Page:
The other fall-back, or even luxury, that a few independent houses on the stretch have is that of digging their own borewells. But with the fast depleting groundwater table, borewells too are not a reliable source of water. Guru Murugesh, a resident of Sholinganallur says despite having a borewell in his house premises, he continues to buy tanker water because the water availability is insufficient.
Apartments on OMR stretch avoid using borewell water asr the saltwater from borewell corrodes the water supply machines. “It will react with the pipeline and spoil the system. Most of the apartments do not have borewells; even if they have, they can only use the water for washing cars and gardening,” Tirouvth comments.
Defunct STPs and RO plants
A worse fall-out of all this is how the lack of a sewerage network has forced the sewage treatment plants in apartments to remain defunct. Most of the apartments do not have functioning STPs due to lack of sewer lines which should ideally carry the wastewater generated after the treatment.
Take the case of an apartment in which Praveen Tirouvth lives. His apartment though small in size has a STP and an RO plant which have remained unused ever since the apartment was built.
“Our apartment has 30 houses and an RO plant of 30,000 litres capacity. It is good enough for a housing complex of this size. But the functioning of an RO plant of this capacity requires wastewater of 90,000 litres, of which 60,000 litres of wastewater has to be disposed after the treatment,” he explains.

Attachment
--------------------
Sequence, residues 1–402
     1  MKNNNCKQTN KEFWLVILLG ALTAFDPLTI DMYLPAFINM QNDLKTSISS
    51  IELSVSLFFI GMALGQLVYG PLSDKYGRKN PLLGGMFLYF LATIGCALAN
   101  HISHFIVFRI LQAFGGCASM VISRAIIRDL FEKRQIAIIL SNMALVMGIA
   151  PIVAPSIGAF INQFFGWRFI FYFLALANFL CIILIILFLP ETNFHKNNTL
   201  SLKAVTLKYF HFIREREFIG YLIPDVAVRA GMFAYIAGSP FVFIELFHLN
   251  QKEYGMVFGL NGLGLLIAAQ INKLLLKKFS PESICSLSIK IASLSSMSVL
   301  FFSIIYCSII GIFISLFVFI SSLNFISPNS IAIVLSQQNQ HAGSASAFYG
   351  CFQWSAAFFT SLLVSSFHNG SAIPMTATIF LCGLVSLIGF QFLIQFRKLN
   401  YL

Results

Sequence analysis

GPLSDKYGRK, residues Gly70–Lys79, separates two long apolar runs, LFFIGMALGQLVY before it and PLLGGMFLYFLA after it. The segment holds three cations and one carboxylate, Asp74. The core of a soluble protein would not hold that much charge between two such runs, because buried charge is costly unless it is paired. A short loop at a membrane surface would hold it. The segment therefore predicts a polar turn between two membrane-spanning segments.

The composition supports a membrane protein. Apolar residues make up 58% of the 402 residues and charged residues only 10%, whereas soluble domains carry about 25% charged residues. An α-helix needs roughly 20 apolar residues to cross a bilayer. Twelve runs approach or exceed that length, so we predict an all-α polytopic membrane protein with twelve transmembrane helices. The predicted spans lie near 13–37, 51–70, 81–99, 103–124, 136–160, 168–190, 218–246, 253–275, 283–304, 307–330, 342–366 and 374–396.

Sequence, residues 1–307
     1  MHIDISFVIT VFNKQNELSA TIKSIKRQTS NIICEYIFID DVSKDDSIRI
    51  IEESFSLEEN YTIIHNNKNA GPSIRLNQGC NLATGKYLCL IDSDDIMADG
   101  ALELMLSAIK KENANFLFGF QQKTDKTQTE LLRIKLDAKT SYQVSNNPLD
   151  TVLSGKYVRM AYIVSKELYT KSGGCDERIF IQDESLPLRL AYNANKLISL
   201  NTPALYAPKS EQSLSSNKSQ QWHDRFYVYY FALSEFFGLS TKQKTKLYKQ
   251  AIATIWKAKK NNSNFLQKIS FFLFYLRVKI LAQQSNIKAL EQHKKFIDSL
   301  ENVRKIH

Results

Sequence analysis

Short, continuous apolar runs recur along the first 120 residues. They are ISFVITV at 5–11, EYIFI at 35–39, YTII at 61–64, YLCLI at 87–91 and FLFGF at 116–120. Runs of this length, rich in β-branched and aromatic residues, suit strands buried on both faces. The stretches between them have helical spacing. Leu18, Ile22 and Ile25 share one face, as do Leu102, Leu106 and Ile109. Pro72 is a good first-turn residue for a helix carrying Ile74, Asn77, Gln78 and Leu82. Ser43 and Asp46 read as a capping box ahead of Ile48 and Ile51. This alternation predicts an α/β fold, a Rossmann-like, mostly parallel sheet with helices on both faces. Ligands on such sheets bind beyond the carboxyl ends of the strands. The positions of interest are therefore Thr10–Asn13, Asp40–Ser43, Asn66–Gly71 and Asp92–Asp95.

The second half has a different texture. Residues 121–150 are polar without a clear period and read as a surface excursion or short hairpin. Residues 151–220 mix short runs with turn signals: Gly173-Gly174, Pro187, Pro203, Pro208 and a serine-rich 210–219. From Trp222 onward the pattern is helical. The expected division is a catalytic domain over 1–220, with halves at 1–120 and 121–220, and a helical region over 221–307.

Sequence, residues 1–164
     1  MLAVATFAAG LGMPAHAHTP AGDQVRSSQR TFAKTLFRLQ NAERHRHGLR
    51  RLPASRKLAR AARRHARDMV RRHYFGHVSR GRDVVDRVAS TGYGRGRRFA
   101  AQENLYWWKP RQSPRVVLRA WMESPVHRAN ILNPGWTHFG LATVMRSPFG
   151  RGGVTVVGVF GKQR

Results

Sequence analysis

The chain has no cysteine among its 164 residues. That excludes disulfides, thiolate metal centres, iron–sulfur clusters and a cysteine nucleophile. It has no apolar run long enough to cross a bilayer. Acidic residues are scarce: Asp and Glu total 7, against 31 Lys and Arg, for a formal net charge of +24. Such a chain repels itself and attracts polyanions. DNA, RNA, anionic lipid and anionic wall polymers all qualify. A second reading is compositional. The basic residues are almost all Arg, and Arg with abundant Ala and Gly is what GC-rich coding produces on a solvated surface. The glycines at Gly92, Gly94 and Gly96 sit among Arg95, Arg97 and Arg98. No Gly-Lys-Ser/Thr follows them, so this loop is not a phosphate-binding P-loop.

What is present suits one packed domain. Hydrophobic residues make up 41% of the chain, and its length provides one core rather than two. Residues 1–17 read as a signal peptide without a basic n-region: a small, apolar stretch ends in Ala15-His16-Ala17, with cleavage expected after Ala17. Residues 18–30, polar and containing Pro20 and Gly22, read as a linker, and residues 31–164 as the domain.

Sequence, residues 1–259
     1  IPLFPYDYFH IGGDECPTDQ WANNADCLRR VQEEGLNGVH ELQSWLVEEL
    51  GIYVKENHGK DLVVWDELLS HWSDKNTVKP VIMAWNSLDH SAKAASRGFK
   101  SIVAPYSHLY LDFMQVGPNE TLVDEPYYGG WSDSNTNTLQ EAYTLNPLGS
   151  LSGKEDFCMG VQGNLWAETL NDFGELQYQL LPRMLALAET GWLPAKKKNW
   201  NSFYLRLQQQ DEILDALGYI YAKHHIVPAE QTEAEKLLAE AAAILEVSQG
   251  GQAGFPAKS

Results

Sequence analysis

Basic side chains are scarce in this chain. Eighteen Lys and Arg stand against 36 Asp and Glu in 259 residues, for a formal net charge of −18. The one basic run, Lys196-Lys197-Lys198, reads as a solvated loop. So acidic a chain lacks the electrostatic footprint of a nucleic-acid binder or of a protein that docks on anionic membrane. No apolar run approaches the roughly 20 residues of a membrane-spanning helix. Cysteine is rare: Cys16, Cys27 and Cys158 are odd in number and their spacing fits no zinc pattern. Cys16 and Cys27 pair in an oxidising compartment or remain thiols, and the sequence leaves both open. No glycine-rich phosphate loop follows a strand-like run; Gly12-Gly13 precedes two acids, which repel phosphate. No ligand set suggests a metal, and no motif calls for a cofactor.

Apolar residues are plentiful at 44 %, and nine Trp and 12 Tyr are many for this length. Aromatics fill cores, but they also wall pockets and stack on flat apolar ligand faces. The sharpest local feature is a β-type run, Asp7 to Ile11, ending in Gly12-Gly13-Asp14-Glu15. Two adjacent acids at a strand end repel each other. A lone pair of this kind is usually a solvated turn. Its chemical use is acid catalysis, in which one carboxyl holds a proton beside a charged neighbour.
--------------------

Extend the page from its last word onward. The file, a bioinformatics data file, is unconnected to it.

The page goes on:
The problem that his apartment and many such apartments on OMR face is the absence of sewerage connections that can carry the treated wastewater. “The wastewater after the treatment has to pass through a channel of the sewerage network, without which it can not function. Most of the apartments on OMR face this issue due to which their STPs and RO plants remain defunct,” he rues.
So, if all these apartments completely rely on private sewage tankers to extract sewage from their septic tanks and transport it, where do these private tankers dispose of the sewage? The answer is not clear.
“Perhaps they dump it in Pallikaranai marshland,” notes Harsha Koda. Pallikaranai marshland is the only surviving wetland ecosystem of Chennai and there have been extensive reports about how the marshland is encroached and polluted. There have also been reported instances where tankers have been caught in broad daylight dumping sewage in lakes and stormwater drains.
The critical question facing OMR today therefore boils down to this – when will the area stretch get its water and sewer lines? In a follow up to this story, we will explore the status of the project proposals to get water and sewage network to OMR, and also why there is such a complete lack of information in the public domain on these.